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Progress toward nanoscale silicon light emitters

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1 Author(s)
Fauchet, P.M. ; Dept. of Electr. & Comput. Eng., Rochester Univ., NY, USA

Impressive advances have been made over the last few years in teaching silicon how to emit light. Recently, light-emitting devices (LEDs) made of porous silicon and other forms of nanoscale silicon have been demonstrated with specifications that start to make them attractive for commercial applications. This paper reviews the state-of-the-art in the materials science and device properties of nanoscale silicon-based LED's, including their integration with microelectronic circuits. Porous silicon and other forms of nanoscale silicon contain crystallites smaller than 10 nm. Their intrinsic optical properties are dominated by quantum confinement, which produces an opening of the bandgap and an increase of the luminescence energy with decreasing nanocrystal sizes. The mechanical, thermal, and electrical properties of porous silicon are strongly degraded compared to those of bulk crystalline silicon. In addition, special techniques should be used to maintain a good passivation of the internal surface and the mechanical integrity of porous silicon. As a result, the design and optimization of LEDs made of nanoscale silicon is difficult. The stability, efficiency, response time, and spectral characteristics of porous silicon LEDs are discussed. The progress toward the integration of porous silicon LEDs with microelectronic circuits is reviewed and a simple alphanumeric display is shown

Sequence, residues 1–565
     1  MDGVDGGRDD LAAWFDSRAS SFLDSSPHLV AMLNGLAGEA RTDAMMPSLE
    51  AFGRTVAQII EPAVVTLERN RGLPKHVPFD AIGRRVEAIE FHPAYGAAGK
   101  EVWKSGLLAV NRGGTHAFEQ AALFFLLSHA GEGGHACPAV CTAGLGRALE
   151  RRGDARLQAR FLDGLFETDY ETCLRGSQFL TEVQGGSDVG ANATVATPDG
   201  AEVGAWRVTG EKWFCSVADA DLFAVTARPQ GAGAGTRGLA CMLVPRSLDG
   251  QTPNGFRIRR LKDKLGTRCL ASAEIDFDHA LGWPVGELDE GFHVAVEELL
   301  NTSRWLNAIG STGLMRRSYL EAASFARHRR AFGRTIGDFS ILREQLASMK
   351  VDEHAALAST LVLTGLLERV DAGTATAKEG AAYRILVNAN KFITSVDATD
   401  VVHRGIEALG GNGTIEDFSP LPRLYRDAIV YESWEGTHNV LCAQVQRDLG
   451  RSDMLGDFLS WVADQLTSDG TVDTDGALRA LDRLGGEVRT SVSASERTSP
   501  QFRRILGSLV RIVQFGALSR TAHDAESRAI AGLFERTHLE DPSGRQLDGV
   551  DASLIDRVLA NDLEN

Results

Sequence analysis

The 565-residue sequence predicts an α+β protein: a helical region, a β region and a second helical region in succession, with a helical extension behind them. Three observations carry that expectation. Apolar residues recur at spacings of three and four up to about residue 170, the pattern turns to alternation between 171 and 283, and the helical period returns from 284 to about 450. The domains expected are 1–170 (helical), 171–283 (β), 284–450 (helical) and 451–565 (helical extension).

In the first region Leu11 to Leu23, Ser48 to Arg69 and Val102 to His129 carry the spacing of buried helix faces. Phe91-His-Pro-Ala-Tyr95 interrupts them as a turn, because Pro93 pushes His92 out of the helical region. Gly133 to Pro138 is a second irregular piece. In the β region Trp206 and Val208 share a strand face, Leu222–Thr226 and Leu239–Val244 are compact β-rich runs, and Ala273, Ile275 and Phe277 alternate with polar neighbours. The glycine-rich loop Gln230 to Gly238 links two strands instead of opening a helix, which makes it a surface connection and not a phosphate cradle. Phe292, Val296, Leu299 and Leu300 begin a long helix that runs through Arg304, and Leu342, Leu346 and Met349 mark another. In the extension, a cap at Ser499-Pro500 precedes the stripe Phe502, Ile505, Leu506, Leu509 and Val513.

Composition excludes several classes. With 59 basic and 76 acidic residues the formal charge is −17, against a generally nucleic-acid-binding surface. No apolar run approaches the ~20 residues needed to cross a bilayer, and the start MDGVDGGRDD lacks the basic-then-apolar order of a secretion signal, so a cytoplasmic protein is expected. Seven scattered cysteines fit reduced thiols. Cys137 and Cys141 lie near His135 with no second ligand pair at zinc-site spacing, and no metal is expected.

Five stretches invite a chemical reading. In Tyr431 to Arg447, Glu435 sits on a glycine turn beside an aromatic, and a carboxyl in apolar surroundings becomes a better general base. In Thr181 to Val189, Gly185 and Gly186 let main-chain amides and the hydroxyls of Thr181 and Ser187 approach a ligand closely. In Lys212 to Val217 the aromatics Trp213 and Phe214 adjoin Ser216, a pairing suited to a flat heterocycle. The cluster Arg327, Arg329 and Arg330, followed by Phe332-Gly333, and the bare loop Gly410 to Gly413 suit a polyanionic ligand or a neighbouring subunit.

Published in:

Selected Topics in Quantum Electronics, IEEE Journal of  (Volume:4 ,  Issue: 6 )